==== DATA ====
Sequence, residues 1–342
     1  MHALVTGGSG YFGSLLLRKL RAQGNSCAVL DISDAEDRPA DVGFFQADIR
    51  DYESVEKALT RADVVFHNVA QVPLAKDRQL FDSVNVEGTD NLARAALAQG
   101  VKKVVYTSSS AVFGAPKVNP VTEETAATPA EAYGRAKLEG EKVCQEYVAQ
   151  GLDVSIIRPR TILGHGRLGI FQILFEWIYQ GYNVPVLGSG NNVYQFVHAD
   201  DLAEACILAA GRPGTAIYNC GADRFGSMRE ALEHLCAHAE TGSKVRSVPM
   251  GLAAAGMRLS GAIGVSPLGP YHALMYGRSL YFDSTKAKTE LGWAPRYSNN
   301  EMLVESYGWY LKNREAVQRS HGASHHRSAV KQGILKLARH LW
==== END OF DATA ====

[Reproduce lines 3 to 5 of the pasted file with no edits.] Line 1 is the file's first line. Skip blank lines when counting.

    51  DYESVEKALT RADVVFHNVA QVPLAKDRQL FDSVNVEGTD NLARAALAQG
   101  VKKVVYTSSS AVFGAPKVNP VTEETAATPA EAYGRAKLEG EKVCQEYVAQ
   151  GLDVSIIRPR TILGHGRLGI FQILFEWIYQ GYNVPVLGSG NNVYQFVHAD